While welcoming the effort at full tariff elimination, INTA parliamentarians indicated that they would like to see an “exhaustive list” to address sensitivities in agricultural and industrial goods to either face longer transitional periods or be exempt from liberalization entirely. Other recommendations by the committee’s lawmakers involved the inclusion of a “safeguard clause” for temporarily restricting entry of specific food products in the case of an increase in imports that could hurt domestic production, as well as asking that for strong protection of the EU’s geographical indications (GI) system.

GIs are used to denominate products with a specific geographical origin and which possess qualities, reputation, or characteristics that are essentially attributable to that same place, with common examples including Feta cheese or Parma ham. Another unresolved issue in the TTIP negotiations will be how exactly to deal with the issue of energy. While the EU has been pushing for a dedicated energy chapter in the agreement text, the US has indicated that these provisions could also be dealt with across other chapters.

INTA parliamentarians last week called for including an energy chapter, as well as the abolishment on any “existing restrictions or impediments” on fuel exports, such as crude oil and liquefied natural gas (LNG). EU Trade Commissioner Cecilia Malmstrom reaffirmed on Wednesday that this is indeed one of the objectives being pursued by Brussels in the negotiations.

“Today, US gas exports are subject to cumbersome licensing procedures and oil exports are essentially banned. These limits can be removed in the agreement. To do this, the EU believes that TTIP should include a legally binding commitment by both sides not to restrict exports of oil and gas to the other partner,” the EU trade chief said at a conference on TTIP organized by the Alliance for Liberals and Democrats in Europe (ALDE) group in the European Parliament.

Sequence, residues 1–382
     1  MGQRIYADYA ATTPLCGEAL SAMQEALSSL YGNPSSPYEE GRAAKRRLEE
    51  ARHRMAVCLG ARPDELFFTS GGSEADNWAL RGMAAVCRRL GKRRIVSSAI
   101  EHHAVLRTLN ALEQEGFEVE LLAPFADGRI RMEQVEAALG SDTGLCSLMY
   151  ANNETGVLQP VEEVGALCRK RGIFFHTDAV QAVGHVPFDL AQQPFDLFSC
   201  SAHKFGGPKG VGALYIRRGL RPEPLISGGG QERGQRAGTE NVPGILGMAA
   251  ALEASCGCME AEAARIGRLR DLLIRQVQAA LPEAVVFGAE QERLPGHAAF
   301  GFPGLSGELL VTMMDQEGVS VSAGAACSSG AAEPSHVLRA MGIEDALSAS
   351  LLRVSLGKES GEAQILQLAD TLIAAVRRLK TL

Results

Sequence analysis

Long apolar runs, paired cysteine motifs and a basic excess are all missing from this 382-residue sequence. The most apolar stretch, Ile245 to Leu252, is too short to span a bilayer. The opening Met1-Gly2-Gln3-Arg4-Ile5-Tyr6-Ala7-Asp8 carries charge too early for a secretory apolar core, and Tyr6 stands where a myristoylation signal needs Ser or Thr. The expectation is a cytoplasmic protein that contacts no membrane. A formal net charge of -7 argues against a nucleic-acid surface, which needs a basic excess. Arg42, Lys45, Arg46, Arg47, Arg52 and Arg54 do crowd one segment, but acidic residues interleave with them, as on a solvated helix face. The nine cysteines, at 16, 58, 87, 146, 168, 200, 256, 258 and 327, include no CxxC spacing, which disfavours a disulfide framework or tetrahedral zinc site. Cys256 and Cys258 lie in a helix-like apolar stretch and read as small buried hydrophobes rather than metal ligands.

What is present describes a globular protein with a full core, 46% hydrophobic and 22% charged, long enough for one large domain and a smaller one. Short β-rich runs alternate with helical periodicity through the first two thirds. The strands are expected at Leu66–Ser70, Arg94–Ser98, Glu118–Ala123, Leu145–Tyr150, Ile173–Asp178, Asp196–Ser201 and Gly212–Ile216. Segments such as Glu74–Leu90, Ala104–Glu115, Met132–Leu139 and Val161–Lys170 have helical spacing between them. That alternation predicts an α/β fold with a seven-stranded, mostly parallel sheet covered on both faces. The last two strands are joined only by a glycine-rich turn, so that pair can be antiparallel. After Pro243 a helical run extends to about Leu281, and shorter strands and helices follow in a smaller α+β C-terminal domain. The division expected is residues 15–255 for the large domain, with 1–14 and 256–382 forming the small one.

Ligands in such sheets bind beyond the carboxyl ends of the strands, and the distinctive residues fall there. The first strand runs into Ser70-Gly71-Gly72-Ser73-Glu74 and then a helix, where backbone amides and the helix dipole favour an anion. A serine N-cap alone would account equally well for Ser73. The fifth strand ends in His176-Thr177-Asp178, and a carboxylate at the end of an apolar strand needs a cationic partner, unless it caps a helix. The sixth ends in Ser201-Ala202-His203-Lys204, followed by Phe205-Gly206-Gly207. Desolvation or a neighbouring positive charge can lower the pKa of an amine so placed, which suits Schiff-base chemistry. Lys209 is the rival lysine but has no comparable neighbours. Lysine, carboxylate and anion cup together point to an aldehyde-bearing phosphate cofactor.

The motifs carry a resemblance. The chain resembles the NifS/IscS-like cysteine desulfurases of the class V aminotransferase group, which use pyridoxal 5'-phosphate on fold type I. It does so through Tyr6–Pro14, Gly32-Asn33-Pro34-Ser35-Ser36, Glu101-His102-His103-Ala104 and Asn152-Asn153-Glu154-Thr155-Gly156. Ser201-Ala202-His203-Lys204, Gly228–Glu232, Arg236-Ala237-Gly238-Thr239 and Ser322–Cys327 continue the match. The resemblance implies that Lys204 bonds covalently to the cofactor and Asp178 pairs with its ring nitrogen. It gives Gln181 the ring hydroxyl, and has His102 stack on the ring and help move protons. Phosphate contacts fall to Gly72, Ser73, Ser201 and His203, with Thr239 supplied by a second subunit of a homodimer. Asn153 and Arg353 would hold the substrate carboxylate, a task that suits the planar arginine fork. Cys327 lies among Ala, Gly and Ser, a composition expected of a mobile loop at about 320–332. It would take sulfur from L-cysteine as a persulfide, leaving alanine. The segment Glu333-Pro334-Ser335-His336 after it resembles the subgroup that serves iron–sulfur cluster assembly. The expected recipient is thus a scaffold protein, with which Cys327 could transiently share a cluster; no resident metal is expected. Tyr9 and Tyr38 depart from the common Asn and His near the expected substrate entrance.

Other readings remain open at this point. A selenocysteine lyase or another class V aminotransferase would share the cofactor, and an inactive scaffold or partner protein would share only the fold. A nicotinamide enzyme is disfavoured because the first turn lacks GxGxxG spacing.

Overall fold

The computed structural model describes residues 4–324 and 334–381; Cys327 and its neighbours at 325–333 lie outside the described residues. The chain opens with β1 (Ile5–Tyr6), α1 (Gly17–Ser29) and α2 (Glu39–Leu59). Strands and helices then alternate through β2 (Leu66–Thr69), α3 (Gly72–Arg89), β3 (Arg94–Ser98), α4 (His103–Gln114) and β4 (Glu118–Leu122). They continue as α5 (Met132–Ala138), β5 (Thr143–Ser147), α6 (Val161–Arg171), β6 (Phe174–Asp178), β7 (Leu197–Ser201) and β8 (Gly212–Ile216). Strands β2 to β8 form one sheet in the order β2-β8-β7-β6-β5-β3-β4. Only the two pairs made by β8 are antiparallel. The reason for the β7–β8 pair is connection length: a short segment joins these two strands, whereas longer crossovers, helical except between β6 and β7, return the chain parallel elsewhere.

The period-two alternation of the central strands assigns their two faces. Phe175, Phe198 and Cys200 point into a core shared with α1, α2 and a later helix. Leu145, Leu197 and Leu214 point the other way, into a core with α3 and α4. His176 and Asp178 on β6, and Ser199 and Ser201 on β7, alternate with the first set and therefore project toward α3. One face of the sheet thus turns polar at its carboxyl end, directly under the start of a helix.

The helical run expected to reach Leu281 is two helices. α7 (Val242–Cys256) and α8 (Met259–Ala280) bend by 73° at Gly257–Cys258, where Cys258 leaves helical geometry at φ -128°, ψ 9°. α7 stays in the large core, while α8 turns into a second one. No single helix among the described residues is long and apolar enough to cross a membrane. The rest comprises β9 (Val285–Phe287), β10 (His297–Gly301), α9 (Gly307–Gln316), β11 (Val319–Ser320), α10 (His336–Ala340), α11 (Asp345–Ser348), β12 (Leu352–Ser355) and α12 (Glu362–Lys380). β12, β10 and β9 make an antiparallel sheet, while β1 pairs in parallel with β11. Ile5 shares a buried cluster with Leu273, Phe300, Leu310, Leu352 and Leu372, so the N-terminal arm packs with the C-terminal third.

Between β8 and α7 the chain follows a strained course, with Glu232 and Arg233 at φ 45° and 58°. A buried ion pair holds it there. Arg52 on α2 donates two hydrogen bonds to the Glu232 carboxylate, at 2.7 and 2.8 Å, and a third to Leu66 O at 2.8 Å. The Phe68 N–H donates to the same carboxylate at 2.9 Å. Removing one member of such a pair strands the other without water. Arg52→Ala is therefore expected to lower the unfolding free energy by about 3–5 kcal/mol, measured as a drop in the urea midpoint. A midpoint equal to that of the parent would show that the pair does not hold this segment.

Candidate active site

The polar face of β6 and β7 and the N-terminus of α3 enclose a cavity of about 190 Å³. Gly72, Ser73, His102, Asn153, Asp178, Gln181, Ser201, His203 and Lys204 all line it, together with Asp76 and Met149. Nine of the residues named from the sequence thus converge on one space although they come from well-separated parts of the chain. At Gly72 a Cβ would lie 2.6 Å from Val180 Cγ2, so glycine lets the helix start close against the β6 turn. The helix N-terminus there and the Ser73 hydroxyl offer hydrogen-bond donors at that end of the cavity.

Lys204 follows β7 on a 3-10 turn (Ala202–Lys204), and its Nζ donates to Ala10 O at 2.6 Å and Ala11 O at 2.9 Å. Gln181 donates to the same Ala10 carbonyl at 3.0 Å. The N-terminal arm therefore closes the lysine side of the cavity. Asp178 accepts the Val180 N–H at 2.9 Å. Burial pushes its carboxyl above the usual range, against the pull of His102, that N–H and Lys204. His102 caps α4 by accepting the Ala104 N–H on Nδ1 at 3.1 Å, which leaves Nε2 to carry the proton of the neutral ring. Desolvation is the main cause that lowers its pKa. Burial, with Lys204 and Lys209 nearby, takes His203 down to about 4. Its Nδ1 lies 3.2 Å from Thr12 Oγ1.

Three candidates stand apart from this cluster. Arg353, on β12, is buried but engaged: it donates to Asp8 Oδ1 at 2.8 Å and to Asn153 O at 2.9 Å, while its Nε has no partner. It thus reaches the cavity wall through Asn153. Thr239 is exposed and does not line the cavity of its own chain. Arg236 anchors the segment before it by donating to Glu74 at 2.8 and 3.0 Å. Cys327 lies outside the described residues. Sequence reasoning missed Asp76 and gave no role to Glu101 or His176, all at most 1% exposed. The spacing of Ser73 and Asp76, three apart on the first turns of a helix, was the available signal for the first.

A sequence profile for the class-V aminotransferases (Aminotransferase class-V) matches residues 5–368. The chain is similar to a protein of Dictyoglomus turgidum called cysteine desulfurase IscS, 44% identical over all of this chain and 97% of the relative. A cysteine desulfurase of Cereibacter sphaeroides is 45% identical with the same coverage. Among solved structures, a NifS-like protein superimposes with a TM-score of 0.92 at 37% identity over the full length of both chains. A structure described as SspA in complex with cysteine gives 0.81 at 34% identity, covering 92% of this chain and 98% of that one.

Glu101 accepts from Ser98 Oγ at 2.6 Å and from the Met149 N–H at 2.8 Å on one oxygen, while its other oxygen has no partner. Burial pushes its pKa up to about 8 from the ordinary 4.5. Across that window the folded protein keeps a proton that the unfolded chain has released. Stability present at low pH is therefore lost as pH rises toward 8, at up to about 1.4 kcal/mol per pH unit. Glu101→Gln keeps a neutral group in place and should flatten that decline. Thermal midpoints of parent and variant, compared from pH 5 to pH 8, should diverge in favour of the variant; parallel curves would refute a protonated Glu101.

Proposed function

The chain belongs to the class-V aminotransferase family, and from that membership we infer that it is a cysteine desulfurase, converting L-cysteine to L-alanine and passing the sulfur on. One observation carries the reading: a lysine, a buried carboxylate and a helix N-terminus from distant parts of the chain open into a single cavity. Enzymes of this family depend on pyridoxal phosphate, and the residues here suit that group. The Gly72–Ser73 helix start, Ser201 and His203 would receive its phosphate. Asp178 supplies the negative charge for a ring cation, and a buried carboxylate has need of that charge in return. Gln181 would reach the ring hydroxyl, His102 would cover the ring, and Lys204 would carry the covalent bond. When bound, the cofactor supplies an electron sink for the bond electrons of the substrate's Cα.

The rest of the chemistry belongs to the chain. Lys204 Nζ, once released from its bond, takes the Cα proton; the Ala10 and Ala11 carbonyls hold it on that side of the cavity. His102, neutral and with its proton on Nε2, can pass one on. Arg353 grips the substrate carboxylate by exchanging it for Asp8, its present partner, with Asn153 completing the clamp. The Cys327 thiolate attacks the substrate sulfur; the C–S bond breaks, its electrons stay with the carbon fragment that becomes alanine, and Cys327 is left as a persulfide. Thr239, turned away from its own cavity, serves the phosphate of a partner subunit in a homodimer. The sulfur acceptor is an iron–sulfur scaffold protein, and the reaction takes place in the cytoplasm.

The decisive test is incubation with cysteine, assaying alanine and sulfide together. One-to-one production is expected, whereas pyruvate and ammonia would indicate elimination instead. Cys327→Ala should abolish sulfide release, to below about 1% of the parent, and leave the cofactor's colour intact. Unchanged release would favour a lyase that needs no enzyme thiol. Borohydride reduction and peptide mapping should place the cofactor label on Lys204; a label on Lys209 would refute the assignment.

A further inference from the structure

EU, Japan Leaders Pledge to Speed Up Trade Talks
International Centre for Trade - 04 June 2015
Leaders from the EU and Japan agreed last week at a Tokyo summit to speed up the pace of their bilateral trade negotiations, which have been underway since 2013. The push to advance discussions comes as both trading partners are also working to advance other “mega-regional” trade talks, namely the Transatlantic Trade and Investment Partnership (TTIP) and Trans-Pacific Partnership (TPP).

The trade deal, referred to as both an Economic Partnership Agreement (EPA) and Free Trade Agreement (FTA), is being negotiated in parallel with a Strategic Partnership Agreement (SPA) between the two sides. Both were key topics during the 29 May meeting, which saw the EU represented by Commission President Jean-Claude Juncker and Council President Donald Tusk. Japan was represented by Prime Minister Shinzo Abe.

“The SPA and EPA/ FTA hold the potential to lift our relations to a new strategic level,” leaders said in a joint press statement following the meeting, highlighting the importance of reaching a “highly comprehensive and ambitious” trade deal. This deal should particularly focus on areas such as goods, services, and investment market access; government procurement, with the inclusion of railways; non-tariff measures; and intellectual property issues, including the protection of geographical indications.